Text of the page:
Lighting Bolt is one of those Eurospy movies that starts off looking really, really low budget (the spy headquarters is designated by nothing more than a sign on a door and a room with a conference table), then surprises viewers halfway through by revealing itself to be a much more lavish production than first imagined. This happens a lot in the genre, I suspect because the filmmakers felt pressure from the Bond movies they were copying to deliver a spectacular finale. No Eurospy finale I’ve seen comes close to the spectacle of Thunderball or You Only Live Twice, but they do often manage to provide some surprisingly big explosions and an opulent villain’s lair. Furthermore, by holding back so much on the first half of the film, it’s all the more surprising when this happens, and it makes the conclusion look even more expensive than it actually is. Lightning Bolt pulls this trick, and in a way that’s too bad, because the second half is so much more enjoyable than the first. If they’d had a little more money, perhaps they could have stretched the budget across the entire picture instead of packing it all in at the end. Oh well. Few directors had Mario Bava’s gift for making ten dollars’ worth of action look like a million, so despite its unimpressive start, Lightning Bolt turns out to be pretty enjoyable.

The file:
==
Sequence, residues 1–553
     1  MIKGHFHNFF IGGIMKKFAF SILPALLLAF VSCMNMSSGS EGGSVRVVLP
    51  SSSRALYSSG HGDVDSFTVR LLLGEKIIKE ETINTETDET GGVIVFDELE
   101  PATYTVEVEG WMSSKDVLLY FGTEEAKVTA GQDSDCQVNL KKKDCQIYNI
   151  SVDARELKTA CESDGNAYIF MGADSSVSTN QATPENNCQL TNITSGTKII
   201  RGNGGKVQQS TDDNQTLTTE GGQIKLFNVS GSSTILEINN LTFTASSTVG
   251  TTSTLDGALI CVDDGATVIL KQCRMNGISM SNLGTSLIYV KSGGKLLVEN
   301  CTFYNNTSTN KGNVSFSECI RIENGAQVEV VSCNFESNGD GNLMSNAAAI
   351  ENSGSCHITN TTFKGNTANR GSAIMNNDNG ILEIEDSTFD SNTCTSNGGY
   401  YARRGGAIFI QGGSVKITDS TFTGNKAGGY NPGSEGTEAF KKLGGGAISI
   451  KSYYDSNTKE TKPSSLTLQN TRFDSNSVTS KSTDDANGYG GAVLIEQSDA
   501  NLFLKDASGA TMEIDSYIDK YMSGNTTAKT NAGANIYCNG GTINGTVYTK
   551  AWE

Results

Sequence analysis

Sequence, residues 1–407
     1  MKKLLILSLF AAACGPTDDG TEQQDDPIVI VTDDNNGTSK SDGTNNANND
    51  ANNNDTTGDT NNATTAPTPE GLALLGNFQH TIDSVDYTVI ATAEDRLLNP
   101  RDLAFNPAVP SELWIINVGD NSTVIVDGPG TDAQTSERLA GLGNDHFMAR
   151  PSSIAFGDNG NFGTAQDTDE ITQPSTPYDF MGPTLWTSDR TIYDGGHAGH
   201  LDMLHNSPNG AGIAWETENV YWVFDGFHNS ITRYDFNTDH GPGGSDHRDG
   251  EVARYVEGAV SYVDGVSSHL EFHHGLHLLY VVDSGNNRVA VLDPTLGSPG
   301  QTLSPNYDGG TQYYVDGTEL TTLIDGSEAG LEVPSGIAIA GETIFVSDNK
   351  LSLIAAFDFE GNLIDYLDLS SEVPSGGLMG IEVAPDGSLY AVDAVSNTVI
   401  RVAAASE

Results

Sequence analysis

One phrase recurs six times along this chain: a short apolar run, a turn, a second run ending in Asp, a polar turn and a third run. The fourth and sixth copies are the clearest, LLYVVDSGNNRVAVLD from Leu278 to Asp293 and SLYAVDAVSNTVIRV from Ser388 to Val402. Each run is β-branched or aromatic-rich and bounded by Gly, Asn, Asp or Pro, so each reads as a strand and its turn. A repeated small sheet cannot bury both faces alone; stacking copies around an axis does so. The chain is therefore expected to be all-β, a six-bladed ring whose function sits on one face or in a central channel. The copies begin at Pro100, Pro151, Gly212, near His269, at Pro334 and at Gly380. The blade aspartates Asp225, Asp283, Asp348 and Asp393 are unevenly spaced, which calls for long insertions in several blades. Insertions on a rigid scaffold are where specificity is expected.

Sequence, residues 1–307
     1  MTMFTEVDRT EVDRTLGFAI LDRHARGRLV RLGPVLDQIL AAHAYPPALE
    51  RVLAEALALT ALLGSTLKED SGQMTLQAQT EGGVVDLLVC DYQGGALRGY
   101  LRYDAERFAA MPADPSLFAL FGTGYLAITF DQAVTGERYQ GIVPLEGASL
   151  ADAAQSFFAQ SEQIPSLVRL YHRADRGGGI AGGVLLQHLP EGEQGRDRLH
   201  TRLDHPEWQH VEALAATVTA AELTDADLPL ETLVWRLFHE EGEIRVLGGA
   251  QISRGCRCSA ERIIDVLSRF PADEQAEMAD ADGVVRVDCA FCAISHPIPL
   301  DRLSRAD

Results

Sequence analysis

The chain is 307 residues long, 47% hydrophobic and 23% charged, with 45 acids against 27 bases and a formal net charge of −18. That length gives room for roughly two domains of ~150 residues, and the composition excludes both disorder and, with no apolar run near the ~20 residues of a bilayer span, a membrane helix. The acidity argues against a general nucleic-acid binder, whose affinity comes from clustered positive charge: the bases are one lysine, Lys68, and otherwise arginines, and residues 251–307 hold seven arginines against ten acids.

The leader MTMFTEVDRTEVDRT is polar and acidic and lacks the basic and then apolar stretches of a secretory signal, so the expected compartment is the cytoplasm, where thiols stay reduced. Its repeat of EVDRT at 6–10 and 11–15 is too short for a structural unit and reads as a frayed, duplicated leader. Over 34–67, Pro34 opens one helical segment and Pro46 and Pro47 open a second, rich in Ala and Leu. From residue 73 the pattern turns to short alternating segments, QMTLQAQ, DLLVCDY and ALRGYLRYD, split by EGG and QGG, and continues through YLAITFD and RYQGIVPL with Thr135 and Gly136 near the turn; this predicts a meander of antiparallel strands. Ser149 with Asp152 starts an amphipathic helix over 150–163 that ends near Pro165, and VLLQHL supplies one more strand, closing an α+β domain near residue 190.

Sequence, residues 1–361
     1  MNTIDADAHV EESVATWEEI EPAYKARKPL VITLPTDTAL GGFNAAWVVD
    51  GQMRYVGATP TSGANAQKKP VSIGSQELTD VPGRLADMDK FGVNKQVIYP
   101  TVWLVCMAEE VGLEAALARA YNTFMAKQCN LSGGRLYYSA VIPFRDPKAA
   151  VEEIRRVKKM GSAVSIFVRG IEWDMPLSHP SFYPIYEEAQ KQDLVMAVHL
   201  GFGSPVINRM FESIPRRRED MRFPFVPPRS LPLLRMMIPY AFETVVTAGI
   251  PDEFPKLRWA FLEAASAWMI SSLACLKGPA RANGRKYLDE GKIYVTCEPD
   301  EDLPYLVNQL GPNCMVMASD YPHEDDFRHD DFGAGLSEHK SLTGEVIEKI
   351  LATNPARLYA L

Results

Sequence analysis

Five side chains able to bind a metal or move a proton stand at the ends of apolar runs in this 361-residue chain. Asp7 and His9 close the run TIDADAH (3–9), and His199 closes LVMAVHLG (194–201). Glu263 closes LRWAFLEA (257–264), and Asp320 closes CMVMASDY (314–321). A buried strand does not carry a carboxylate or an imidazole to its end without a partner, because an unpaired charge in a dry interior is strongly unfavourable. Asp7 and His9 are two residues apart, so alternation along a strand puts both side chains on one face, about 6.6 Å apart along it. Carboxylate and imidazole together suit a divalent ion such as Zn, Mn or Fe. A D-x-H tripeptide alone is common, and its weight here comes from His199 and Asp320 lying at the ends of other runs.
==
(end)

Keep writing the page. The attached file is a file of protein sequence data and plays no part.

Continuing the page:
NOTE: Since this review was written, Lightning Bolt has actually (amazingly) materialized on several DVD releases of dubious legality, but unquestionably the one to get is the most official and best-looking version, a pretty beautiful widescreen transfer included in Code Red's Rareflix Triple Feature Volume 4 box set. And even though it's a box set, it's still cheaper than most single-disc DVD releases. And best of all, the three movies included are each in their own individual cases, so you can easily discard the other two if you don't like them and just hang onto your Eurospy treasure!